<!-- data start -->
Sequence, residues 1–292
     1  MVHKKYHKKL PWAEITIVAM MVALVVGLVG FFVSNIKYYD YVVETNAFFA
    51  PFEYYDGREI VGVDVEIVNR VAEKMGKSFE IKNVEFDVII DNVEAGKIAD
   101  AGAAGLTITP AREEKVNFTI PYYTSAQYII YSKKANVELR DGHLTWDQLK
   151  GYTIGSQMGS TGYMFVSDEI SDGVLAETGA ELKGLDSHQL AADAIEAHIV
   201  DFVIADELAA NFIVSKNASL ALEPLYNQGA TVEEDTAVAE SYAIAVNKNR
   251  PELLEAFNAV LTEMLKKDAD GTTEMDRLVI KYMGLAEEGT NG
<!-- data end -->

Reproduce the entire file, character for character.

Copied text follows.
Sequence, residues 1–292
     1  MVHKKYHKKL PWAEITIVAM MVALVVGLVG FFVSNIKYYD YVVETNAFFA
    51  PFEYYDGREI VGVDVEIVNR VAEKMGKSFE IKNVEFDVII DNVEAGKIAD
   101  AGAAGLTITP AREEKVNFTI PYYTSAQYII YSKKANVELR DGHLTWDQLK
   151  GYTIGSQMGS TGYMFVSDEI SDGVLAETGA ELKGLDSHQL AADAIEAHIV
   201  DFVIADELAA NFIVSKNASL ALEPLYNQGA TVEEDTAVAE SYAIAVNKNR
   251  PELLEAFNAV LTEMLKKDAD GTTEMDRLVI KYMGLAEEGT NG